-Firearm (pistol) and Firearm (longarm). Obvious so I won't beat this one to death (since there are others far more qualified on here for this), but the biggest problem when in an Urban environment, simply because of laws. Many large cities have strict bans on certian compact weapons and with Katrina we've seen how even having a visible weapon chances the psycological dynamic. While protection is paramount, you also have to consider how others perceive YOU. If you are toting around an AK-47 and full tactical gear, you're going to be one scary guy to the family who's just trying to find a Red Cross unit. Best thing is to maintain a neutral position because you never know who you will encounter...foe...or even friend!

    -FRS 14 channel (or greater) radio. While not a CB, it's cheap, common and low voltage. If anyone's going to be lost with a family, they're going to be using one of these radios. Also, FRS channel 9 is a universal emergency channel that the Red Cross does scan on a regular basis.

    -Food allotment. Whatever you can store sensibly and applies to your needs. Again, stupid obvious.

    -Batteries/Powercells freshly recharged. Included in this is also a universal charger (such as one from Bestbuy) that can accept several generic connections and a spare one for you phone. The advantage of an Urban environment is that there WILL be a source of power SOMEWHERE. It's not a matter of "IF" like in alot of the US but "when". Best to take advantage when you need it. I have also recently aquired a folding solar charger that accepts Lithium and Nickel Metal Hydride battery cells for $30 off Ebay. It's the same principle as a plug in charger but its....well...solar. Not as fast but it will do the job. Many also have adapters for common cellphones and iPods.

    -Copy of my Driver's license. You'd be surprised how useful this will be since the first people who CAN help you will be LEO's or military. If you lose your wallet or for some reason lose yoru ID, they're not going to bother trying to get a state system up to check your data. Better safe than sorry.

    -Most recent city map (hardcopy). Don't trust GPS whole-heartedly. Chips fry, and power cells die. You'll need a block by block map in case you're stuck downtown and you need to be elsewhere.

    -Shoes. Quality, druable shoes that you can walk on pavement and hike in for extended periods of time. Again, basic, but consider that in most cities when a SHTF situation happens, there will be NO way to get a car down clogged streets or dead mass transit.

    -Backpack. Again, obvious. Quality type. I have a heavy canvas over the shoulder non-frame type. Comfortable and decent sized. It's of the "tacti-cool" variety, but that was only because I got it at a gunshow for $15 and it's the most druable one I've owned, so I'm not going to complain.

    -Glowsticks. Non-battery lightsource. Cheap. Also, kids love'em

    -Durable jacket with removable liner. Just an extra level of protection and comfort. The one I have is a copy of an East German style short jacket with a liner from Target, of all places.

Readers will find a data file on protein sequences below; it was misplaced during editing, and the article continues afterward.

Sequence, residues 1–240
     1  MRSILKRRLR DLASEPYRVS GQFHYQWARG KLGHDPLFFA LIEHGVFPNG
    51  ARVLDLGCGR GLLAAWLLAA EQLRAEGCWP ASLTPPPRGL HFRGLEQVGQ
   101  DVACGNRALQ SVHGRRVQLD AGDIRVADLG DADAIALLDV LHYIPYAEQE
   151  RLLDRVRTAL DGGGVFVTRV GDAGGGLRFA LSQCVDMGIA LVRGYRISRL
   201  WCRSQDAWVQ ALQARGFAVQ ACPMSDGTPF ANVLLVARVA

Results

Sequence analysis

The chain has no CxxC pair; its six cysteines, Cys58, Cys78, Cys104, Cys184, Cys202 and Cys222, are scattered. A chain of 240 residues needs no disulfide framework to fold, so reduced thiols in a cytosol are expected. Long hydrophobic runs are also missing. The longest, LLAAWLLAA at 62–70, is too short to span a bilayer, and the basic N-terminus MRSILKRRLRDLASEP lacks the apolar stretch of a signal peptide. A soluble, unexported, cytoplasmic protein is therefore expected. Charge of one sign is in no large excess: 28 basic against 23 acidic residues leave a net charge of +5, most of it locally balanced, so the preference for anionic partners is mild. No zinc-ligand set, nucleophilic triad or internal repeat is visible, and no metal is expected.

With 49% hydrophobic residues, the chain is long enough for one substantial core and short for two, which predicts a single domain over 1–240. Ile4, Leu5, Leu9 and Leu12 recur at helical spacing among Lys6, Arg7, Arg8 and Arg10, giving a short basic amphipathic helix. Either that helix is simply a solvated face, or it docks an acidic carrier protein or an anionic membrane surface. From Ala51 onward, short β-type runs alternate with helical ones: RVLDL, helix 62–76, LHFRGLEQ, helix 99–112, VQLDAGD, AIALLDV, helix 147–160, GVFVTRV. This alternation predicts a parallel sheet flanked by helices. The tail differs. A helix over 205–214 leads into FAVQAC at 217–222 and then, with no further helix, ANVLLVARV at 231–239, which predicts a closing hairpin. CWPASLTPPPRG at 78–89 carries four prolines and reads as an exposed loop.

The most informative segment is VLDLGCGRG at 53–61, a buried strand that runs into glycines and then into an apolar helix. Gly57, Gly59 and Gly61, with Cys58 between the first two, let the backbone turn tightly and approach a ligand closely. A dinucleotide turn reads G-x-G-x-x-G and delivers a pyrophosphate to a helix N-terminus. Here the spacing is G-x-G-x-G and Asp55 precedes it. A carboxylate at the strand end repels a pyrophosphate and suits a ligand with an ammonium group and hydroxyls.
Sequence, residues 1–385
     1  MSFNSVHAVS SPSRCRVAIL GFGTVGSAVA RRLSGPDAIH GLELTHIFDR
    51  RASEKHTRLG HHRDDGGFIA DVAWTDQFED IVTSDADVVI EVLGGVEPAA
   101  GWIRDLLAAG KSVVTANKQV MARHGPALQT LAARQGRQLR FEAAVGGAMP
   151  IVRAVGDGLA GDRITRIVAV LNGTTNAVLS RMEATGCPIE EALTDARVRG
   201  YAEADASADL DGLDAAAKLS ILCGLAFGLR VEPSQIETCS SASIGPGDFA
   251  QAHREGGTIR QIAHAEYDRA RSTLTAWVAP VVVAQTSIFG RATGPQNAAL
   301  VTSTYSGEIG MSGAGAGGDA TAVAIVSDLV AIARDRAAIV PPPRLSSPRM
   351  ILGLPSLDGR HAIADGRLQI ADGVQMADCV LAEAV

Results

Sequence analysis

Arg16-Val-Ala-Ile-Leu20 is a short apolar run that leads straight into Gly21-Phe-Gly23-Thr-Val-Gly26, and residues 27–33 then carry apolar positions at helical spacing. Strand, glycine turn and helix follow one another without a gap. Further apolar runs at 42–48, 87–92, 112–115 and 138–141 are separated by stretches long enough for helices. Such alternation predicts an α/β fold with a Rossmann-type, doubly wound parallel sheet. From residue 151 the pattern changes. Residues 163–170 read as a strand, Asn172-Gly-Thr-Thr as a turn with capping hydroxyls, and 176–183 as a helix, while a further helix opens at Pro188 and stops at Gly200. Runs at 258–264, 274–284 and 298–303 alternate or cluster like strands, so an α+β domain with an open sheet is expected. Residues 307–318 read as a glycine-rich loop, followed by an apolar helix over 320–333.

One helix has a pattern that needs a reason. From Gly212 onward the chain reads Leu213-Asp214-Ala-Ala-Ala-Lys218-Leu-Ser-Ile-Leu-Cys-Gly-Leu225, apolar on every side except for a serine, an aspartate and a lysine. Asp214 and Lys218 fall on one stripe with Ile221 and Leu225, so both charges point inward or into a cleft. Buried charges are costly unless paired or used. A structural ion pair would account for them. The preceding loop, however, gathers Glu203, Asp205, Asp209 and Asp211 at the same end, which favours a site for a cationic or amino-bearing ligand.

-Radio with weatherband. Again, a given.

    -**Only of able** Digital camera, with removable memory, video ability of at least 640x480, and at least 4MP. Why? Look at Katrina. Insurance companies will want evidence of claims. Things that you may do to survive very well might come back to haunt you as well. Also, if you see something or someone who needs help and you aren't able to assist, a picture of the site could help a LEO, Red Cross operator or National Guardsman track them down and assist if you don't remember the direction or location (something that actually happened quite often during Katrina with many people and their cellphone cameras)

    -Ammo. Again, dependent on firearm which we won't go into since there are plenty of excellent articles on this.

    -Strobe beacon. There are many types on the market, with most being of a wearable variety. It's perfect for an inner city with questionable power, since search and rescue will notice a flashing LED strobe that is moving over a regular filament lamp.

    This is just an example of what I have. It's a small enough selection that fits in the bottom of the linnen cabinet and has enough for me to get out of a city. With an urban kit, it's all about maneuverability and city application. Using the machinery, power systems and remaining infastructure around you, you can effectively communicate and evacuate with ease by using the emergency infastructure in a city. While the city might be without water, power or law, the ENTIRE city won't be. The key is moving to a safe area, knowing what resources are there, and communicating it to other members of that city who are of a like mind. Communication and teamwork are key to surviving in a hostile city. There is saftey in numbers and finding others who are in the same position as you are allow you to increase your chances.